Brown will celebrate the opening of the First-Generation College and Low-Income Student Center on Friday, September 16, 2016.

  • Emergency funds for support of critical living and learning expenses for low-income undergraduate, graduate and professional students have been doubled.
  • The Brown Faculty of Color Network has been established and has sponsored a new mentoring program for early career scholars of color, and will offer ongoing professional development workshops and networking opportunities.
  • OIDI coordinated and facilitated a number of professional development events and smaller training workshops related to diversity and inclusion in spring and summer 2016. A total of 11 events and workshops have taken place since February 2016, engaging approximately 900 faculty, students and staff. The fall 2016 calendar of events, seminars and training workshops will be available in September 2016.
  • A Mentoring Programs Committee, which includes representation from OIDI, Alumni Relations, CareerLAB, Dean of the College, Graduate School, Campus Life, CIS, BCSC, LGBTQ Center and Sarah Doyle Women's Center, has been convened to consider more effective coordination of mentoring resources and the re-alignment and expansion of existing mentoring programs. New mentoring network events are being planned for 2016-17.
  • The President's Staff Advisory Council partnered with the Provost's office to launch the first Staff Summer Readings program, a pilot program to expand the First Readings programs to interested staff.
  • Through a partnership with the Institute for International Education (IIE) and others, Brown has welcomed three scholars displaced by the violence in Syria to continue their research and education.
  • Community and Government Relations convened a working group to evaluate and report on the University's contributions to Providence and RI. A report is expected by the end of the calendar year.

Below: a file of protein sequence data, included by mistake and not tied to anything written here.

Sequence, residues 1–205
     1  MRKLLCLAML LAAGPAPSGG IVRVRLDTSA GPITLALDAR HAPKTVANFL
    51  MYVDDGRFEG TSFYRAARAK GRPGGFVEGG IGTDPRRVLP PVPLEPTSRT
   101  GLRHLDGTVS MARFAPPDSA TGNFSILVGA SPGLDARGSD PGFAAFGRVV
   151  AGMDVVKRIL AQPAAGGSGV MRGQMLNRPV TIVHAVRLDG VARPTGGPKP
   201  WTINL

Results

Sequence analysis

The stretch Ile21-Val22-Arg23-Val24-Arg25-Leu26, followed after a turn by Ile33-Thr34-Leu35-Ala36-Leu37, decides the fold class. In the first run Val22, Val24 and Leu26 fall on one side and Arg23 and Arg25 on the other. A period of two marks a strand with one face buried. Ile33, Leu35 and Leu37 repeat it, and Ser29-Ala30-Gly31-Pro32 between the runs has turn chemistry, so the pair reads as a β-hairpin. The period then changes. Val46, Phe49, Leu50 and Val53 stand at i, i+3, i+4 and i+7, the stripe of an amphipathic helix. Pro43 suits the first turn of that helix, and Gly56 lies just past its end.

The DIAP includes a commitment to gather more data to inform discussions, policies and decision-making. Toward that end:

  • Students participated in campus climate studies in spring 2016; the findings are available online here.
  • Faculty and staff participated in climate surveys, with data expected to be available in fall 2016.


Ensuring transparency and accountability is an essential component of DIAP. In addition to the development and review of the DDIAPs, which will be updated annually, work has been initiated in the following areas:

  • In spring 2016, President Paxson charged the newly established Diversity and Inclusion Oversight Board (DIOB) to provide oversight of the University's diversity and inclusion initiatives as articulated in the DIAP. The Board has met twice and will meet regularly during the 2016-17 academic year.
  • A Title VI Policy Review Working Group began its work this summer, and the group will provide a report to the President by the end of fall 2016.
  • The President charged an ad hoc committee of the Brown University Corporation to oversee progress on the DIAP. This committee will begin meeting in the fall of 2016.

We are grateful to the many members of our community who have devoted considerable time and effort to achieving progress to date. While we have much to do to realize the vision outlined in the DIAP, we are confident that by continuing to work collaboratively and in earnest, together we will reach our aspirations.

With best wishes for a productive academic year,

Richard M. Locke

Liza Cariaga-Lo
Vice President for Academic Development, Diversity and Inclusion